What is the story?
Chickens have been genetically modified to lay eggs containing life-saving drugs, according to media reports.
The breakthrough could help fight cancer and become a cheap and quick way of producing drugs, say the papers.
A 500-strong flock of the birds has been bred at the Roslin Institute, near Edinburgh, which created Dolly the cloned sheep.
The chickens’ DNA was altered to enable them to produce proteins in their egg white which can then be extracted and used to make medicines.
It is the first time scientists have been able to produce chickens that can pass the altered DNA down to subsequent generations of offspring.
The scientists have engineered chickens to produce two proteins: human interferon beta-1a, which resembles a drug used to treat multiple sclerosis, and miR24, a monoclonal antibody.
These drugs are currently manufactured in vats of bacteria or other cells that have been genetically modified. If used as an alternative, designer chickens could help slash drug production costs.
Drugs produced through transgenic chickens could be in clinical trials within five years.
What is the research?
This is the latest step in the development of genetically modified, or transgenic, animals and birds that carry genes for human proteins. The idea is that farming these animals to produce therapeutic proteins in milk or eggs would be a novel way of producing drugs.
This could be cheaper and quicker than the industrial bioreactors currently used. It also provides a way of producing proteins, such as antibodies, with a similar composition and markers to those produced in the human body.
Chickens that express key proteins in their eggs could prove a more feasible drug source than transgenic mammals that produce human proteins in their milk. It is thought to be easier to create a flock of chickens than a herd of goats, for example, and they would also be cheaper to keep.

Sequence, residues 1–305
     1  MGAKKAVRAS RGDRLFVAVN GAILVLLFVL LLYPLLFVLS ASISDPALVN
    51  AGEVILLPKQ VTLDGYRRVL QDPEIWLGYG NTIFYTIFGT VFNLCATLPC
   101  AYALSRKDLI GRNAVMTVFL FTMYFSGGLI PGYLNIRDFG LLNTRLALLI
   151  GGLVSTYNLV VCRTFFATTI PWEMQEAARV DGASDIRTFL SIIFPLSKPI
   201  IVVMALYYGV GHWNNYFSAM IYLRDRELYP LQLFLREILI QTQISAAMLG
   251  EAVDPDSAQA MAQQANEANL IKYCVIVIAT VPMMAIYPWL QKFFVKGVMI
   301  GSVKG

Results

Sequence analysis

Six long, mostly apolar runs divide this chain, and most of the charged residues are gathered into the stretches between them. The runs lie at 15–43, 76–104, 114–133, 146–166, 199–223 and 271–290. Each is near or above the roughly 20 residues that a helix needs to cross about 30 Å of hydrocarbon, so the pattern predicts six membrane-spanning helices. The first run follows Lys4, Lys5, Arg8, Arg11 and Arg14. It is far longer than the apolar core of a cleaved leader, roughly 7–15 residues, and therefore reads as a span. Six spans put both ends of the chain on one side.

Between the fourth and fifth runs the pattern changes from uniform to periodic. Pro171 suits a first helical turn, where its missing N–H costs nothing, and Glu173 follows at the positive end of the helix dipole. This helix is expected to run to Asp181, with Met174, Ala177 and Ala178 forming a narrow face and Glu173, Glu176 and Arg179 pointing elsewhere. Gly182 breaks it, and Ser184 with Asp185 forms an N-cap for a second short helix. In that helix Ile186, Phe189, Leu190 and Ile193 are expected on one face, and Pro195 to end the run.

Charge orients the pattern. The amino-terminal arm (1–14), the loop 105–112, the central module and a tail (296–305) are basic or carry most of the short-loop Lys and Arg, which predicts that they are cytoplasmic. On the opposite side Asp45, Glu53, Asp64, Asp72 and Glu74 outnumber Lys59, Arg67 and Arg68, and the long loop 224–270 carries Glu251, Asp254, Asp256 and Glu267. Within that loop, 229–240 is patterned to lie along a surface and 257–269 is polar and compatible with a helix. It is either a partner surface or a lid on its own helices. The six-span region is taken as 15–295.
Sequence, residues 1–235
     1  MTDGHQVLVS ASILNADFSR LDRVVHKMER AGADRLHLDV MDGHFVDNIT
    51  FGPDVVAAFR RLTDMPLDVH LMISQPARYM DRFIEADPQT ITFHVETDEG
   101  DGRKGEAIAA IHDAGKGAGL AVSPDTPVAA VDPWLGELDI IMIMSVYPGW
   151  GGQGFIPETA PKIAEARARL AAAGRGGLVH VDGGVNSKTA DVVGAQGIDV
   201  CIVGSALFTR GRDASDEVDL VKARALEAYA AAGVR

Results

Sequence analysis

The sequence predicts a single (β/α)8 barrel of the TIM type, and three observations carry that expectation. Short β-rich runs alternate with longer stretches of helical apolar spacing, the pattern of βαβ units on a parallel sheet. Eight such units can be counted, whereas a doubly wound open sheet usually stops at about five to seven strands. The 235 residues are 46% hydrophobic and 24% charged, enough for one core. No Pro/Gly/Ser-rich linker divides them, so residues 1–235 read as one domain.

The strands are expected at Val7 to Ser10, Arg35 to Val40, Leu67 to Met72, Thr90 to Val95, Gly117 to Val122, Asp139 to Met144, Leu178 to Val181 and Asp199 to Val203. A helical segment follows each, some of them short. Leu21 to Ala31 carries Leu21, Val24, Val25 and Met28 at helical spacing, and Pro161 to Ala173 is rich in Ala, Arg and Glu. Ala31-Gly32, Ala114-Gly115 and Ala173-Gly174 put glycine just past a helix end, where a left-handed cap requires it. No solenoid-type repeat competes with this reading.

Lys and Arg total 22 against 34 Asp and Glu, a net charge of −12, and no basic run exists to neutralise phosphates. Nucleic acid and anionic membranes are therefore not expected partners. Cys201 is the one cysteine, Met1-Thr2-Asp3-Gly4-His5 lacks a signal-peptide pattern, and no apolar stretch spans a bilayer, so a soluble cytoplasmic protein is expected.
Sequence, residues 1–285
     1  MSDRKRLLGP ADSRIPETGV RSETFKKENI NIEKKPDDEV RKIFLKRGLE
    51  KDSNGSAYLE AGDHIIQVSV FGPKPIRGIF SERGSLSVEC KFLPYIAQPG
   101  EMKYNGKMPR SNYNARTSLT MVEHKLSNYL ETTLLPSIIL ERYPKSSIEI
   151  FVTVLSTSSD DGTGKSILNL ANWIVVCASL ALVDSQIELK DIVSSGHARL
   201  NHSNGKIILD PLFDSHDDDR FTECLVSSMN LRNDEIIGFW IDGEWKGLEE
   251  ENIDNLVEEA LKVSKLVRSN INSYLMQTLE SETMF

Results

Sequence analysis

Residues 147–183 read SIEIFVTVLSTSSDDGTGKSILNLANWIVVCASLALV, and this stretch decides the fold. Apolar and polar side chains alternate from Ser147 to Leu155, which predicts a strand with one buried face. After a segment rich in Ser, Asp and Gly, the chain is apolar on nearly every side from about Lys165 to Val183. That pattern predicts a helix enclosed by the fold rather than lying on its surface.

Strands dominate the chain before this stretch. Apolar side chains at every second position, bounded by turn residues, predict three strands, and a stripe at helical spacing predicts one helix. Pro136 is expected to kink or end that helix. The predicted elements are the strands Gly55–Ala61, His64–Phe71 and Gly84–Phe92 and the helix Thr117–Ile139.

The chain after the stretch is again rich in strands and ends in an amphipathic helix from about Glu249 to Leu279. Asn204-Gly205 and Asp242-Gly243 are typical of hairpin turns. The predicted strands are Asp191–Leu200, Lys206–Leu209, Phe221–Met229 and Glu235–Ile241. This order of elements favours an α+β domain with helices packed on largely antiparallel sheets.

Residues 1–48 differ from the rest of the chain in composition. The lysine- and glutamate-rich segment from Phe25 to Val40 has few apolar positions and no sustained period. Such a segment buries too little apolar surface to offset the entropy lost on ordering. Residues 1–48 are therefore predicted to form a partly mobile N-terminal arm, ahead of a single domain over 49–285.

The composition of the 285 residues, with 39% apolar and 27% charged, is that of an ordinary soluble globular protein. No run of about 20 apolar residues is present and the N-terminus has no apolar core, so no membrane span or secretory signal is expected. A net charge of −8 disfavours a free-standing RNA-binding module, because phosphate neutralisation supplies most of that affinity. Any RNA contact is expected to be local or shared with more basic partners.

Proteins produced in this way are known as recombinant proteins because they are generated from sections of DNA that have been joined together.
In 2004, a team from the Roslin Institute in Midlothian reported that the lentivirus is a good way of inserting foreign genes into chickens to make them transgenic.
For the latest study, DNA from a lentivirus was joined to a piece of human DNA that encoded the desired protein to make a vector.
In this experiment, the scientists inserted genes encoding a humanised version of a mouse monoclonal antibody known as miR24 or human interferon beta-1a into the vector.
This vector was then injected into chick embryos and the gene for the recombinant protein was inserted into the ovalbumin gene of the chicken. Ovalbumin makes up 54 per cent of the protein in the white of a laid egg.
Cockerels carrying the vector in their semen were then crossed with wild-type hens. Their offspring produced eggs containing the proteins in the white, but no other tissues expressed the genes.
What do the researchers say?
Lead researcher from the Roslin Institute Dr Helen Sang said it is important that the recombinant proteins are only expressed in the egg white.